Thursday, November 17, 2016

The End of an Era: The Deaths of Queen Mary and Cardinal Pole

by Samantha Wilcoxson

On this day, many will celebrate the beginning of the Elizabethan age with the accession of Queen Elizabeth I. Few will mourn the passing of her sister, the less politically savvy and much misunderstood Queen Mary I.

Queen Mary I
That she is often referred to as 'Bloody Mary' is a testament to just how little is known of the older daughter of Henry VIII. This nickname is one that was applied to her long after her death, after decades of Elizabethan propaganda had painted their chosen image of Mary. In truth, Mary was welcomed with open arms by her subjects after the death of her brother, Edward VI. When Mary died on November 17, 1558, her dream of an England restored to Rome died with her. 

Mary's greatest partner in reviving Catholicism in England had been her cousin, Cardinal Reginald Pole. He, severely ailing himself, heard the news that his queen had died in the morning and lay dead himself before the end of the day. These two pillars of the counter-reformation fell as one and left the faith crumbling under Elizabeth's rule.

Both Mary and Reginald had faced challenges for most of their lives, and largely due to the same person, Mary's father King Henry VIII. His favor had been showered upon each of them in their early years but revoked when it no longer suited the tempestuous king. Each learned that standing up to Henry VIII led to years of heartache, and, in Reginald's case, required one to evade assassination attempts.

Mary had spent a charmed childhood as the only child of Katherine of Aragon. Queen Katherine's many attempts to give Henry another child failed, and she was content to make Mary his heir in a way that Henry was never completely comfortable with. Still, Mary was raised as if she might become queen, while Henry was alert to better options.

Henry's quest sent him on his infamous course through six wives and resulting in only one young son before he died. Mary was content that her brother should be the one to rule, despite his youth. She was a conservative woman with traditional beliefs, and did not consider that her right to rule might trump Edward's. However, when Edward died tragically young, she did not feel the same way about her cousin Lady Jane Grey.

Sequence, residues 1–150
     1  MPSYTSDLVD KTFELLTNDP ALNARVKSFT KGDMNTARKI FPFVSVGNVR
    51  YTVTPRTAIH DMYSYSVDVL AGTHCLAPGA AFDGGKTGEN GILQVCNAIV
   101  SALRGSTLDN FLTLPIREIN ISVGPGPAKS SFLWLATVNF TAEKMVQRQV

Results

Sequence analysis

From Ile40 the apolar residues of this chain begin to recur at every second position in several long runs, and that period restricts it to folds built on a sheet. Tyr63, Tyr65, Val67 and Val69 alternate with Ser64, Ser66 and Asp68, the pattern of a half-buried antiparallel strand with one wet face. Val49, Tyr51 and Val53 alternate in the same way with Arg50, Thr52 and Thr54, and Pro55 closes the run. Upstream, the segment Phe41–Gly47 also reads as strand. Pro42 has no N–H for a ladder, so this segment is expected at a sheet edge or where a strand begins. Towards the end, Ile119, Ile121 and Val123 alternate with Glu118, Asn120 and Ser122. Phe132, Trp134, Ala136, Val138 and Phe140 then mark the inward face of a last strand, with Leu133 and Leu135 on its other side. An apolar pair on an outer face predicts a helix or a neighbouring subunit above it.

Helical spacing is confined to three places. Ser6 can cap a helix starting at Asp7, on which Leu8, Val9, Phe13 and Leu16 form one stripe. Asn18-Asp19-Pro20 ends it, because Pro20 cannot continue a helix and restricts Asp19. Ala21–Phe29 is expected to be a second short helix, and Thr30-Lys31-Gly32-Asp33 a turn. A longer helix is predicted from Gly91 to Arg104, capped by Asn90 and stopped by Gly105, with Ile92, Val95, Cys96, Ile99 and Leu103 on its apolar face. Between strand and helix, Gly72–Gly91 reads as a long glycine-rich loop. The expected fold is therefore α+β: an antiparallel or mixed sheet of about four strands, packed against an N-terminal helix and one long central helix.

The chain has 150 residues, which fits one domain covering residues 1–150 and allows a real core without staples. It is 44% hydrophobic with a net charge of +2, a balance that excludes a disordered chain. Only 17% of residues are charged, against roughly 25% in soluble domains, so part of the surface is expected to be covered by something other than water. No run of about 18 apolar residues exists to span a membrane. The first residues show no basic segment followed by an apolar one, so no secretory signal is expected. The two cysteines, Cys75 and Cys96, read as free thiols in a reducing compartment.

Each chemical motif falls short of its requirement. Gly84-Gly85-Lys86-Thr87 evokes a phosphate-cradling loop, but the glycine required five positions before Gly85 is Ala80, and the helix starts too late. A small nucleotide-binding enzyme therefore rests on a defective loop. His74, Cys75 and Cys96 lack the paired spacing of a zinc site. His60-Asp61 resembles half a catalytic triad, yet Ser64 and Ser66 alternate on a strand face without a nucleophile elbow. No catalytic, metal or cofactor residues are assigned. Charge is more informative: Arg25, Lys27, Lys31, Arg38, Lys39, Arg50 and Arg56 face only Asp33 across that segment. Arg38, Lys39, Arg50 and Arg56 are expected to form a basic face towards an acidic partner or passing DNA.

Mary remembered her mother's dream for her (and the Act of Supremacy) when Jane attempted to usurp her throne. Thousands rallied to Mary's side, and she was declared queen with little bloodshed within a fortnight of her brother's death. Mary had been born a princess, made a bastard, and enthroned as the Queen of England. Her primary work as queen would be to restore England to Rome and rid her kingdom of heretics. To help her in this, she called upon her cousin, Cardinal Reginald Pole.

Reginald was the son of Mary's former governess, Margaret Pole Countess of Salisbury. He had been recognized as a child with great academic abilities, and Henry VIII had been happy to support him in his education. When Mary's trouble began, so did Reginald's. Instead of garnering support for Henry's plans to set aside Katherine and free himself to marry another, Reginald wrote De Unititate denouncing the king's actions and encouraging him to reconsider his responsibilities as God's anointed. Henry never did take constructive criticism well.

By 1541, Henry had ordered the executions of Reginald's mother and oldest brother, Henry Pole Baron Montague. Assassins had been sent to rid the king of Reginald as well, but those efforts proved unsuccessful. With Mary's accession, Reginald was finally free to return to his homeland, but he found it much changed by Edwardian reforms.

Together, Mary and Reginald hoped to repeal those reforms and secure the salvation of Mary's subjects by returning England to what they believed was the true faith.